The Spanish Dancer (1923). Film review of the amusing silent drama starring Pola Negri.

image photo spanish dancer negri moreno
Standard

Film review by Jason Day of The Spanish Dancer, the silent film comedy romance starring Pola Negri and Antonio Moreno.

Silent

 

Synopsis

Spendthrift Spanish aristocrat Don Cesar de Bazan (Antonio Moreno) is unceremoniously thrown out of his countryside castle after the last of many extravagant parties leaves him bankrupt. Helping this new exile is Maritana (Pola Negri), a tempestuous gypsy dancer who enflames his interest. She also attracts the wandering eye of King Philip IV (Wallace Beery) who makes a deal with her through his minister Don Salluste (Adolphe Menjou) that will enable him to keep her as his mistress on the quiet.

Review, by Jason Dayimage poster spanish dancer negri

After an exhaustive, international effort to reconstruct this saucy historical comedy, spearheaded by EYE (the Netherlands Film Institute) director Herbert Brenon’s star vehicle for new import Negri has been worthily remounted.

Originally commissioned for Rudolph Valentino, contractual disputes between him and the newly created Paramount Studios saw him suspended. The project was given a gender-bending to suit Polish import Pola.

Negri’s champion from her glory days in Germany, director Ernst Lubitsch, turned down the opportunity to direct her, choosing instead to pin his future career prospects on established blockbuster star Mary Pickford by making Rosita (1923). Both films were based on the same stage play but surprisingly, given this film’s sputtering start to life, it was Negri’s that went on to earn more at the box office.

Despite several disparate prints around the world, all of varying length and quality, EYE were surprised to find after locating the original treatment script that what they assumed was a poor and fairly standard costume drama was actually a comedy. As today’s viewers can see, it is a very funny one too.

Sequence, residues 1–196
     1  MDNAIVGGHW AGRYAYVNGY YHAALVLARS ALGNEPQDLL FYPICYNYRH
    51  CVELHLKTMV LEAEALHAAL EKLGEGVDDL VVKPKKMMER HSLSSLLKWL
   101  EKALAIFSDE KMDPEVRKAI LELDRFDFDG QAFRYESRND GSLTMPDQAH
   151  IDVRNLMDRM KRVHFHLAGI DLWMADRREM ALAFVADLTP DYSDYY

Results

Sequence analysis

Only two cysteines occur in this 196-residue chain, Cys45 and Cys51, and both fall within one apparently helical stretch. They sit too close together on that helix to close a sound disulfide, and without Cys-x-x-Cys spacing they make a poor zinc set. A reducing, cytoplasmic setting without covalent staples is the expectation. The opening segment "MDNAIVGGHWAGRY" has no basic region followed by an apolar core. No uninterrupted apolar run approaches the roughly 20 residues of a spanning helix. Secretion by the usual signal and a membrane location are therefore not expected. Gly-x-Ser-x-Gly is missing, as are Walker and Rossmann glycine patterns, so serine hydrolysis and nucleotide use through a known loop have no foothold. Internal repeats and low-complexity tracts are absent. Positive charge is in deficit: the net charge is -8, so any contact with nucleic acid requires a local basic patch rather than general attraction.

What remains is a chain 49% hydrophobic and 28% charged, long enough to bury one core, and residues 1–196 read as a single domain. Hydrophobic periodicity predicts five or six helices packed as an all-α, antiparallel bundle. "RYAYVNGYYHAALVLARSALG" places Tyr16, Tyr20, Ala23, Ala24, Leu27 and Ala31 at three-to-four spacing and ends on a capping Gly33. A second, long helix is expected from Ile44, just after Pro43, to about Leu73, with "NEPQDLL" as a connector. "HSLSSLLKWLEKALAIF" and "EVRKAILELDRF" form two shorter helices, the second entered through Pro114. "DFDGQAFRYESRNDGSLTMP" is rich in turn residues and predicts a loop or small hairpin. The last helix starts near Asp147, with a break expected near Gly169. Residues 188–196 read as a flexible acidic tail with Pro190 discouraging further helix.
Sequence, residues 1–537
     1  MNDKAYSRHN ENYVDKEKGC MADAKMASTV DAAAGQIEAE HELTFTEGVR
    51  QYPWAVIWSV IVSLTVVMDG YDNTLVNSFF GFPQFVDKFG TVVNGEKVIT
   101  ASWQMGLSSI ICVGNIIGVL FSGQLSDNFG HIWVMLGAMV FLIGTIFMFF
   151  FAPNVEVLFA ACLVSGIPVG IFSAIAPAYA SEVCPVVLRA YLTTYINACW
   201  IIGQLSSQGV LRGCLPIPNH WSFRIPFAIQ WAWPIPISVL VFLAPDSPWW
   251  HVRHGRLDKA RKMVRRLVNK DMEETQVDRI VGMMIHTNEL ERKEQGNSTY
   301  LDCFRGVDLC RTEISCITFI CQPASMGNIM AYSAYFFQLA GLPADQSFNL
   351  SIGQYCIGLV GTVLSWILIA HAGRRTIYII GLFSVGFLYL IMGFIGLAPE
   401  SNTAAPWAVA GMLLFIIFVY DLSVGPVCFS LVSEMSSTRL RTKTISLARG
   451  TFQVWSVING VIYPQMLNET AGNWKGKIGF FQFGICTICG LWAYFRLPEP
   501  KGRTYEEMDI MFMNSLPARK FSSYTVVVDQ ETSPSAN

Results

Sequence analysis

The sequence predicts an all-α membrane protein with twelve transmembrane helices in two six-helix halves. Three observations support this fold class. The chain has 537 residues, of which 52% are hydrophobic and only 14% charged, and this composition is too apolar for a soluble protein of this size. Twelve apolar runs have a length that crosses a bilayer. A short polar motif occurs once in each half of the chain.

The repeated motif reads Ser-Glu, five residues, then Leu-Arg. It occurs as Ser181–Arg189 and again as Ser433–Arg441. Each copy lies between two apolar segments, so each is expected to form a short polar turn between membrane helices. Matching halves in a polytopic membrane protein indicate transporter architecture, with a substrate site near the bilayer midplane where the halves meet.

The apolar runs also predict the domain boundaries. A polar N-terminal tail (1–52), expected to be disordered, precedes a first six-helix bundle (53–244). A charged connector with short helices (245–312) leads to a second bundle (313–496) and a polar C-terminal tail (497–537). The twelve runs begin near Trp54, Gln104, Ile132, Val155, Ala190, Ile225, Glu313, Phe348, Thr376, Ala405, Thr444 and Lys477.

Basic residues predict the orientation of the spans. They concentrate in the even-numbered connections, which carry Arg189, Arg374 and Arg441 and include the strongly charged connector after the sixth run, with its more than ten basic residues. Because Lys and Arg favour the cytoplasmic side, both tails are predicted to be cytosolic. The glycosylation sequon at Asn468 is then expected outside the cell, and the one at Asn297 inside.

Whether painter Velazquez valiantly tries to capture the King’s portrait with increasing desperation as the monarch’s concentration is increasingly interrupted, or when Moreno jokes about impending death after his nuptials or Beery’s merry monarch satirises his own insatiable lustings, the film is peppered with a bawdily sarcastic wit throughout. It is this scripting that makes The Spanish Dancer twirl on the graves of other mute epics of this type.

Negri whose deep, penetrating eyes and sensual body were totally suited to playing the title role, is a confident lead. Now fully settled into the American motion picture machine in what was her fourth Hollywood film (all released within one year).

Moreno, one of the handful of Latin Lovers performing in Tinsletown at this time, is a surprisingly versatile comic actor, turning from a naive rich fop to a committed husband with a deftly funny touch. Beery provides more of the giggles in what he must have realised was the most atrocious wig in cinematic history (a King with such a syrup? Never!).

Mature Kathlyn Williams, a former Queen of the Serials (stories shown in episodes, popular during the First World War) provides the straight foil for Menjou to wield a menacing, Machiavellian influence as the sleaziest of behind the scenes operators.

There are silly little scenes that can aggravate a reviewer (Moreno’s feast that was apparently the talk of the whole countryside seems more like a few plates of well-placed grapes, but the nearby village is really just a small hovel; the obviously Californian locations subbing for Spain) but these are in stark contract to awesome visuals (the Feast Day, with blossom raining down on hundreds of expertly arranged extras enjoying the revelry is a spectacular deployment from Brenon) that mark this out as a movie that hits the mark, by hook or crook, on several levels.

Cast & credits

Director: Herbert Brenon. Paramount/Famous Players-Lasky.

Producer: Herbert Brenon.
Writers: Beulah Marie Dix, June Mathis.
Camera: James Wong Howe.

Pola Negri, Antonio Moreno, Wallace Beery, Kathlyn Williams, Adolphe Menjou, Gareth Hughes, Edward Kipling, Anne Shirley.

Advertisements

Leave a Reply

Fill in your details below or click an icon to log in:

WordPress.com Logo

You are commenting using your WordPress.com account. Log Out /  Change )

Google+ photo

You are commenting using your Google+ account. Log Out /  Change )

Twitter picture

You are commenting using your Twitter account. Log Out /  Change )

Facebook photo

You are commenting using your Facebook account. Log Out /  Change )

Connecting to %s

This site uses Akismet to reduce spam. Learn how your comment data is processed.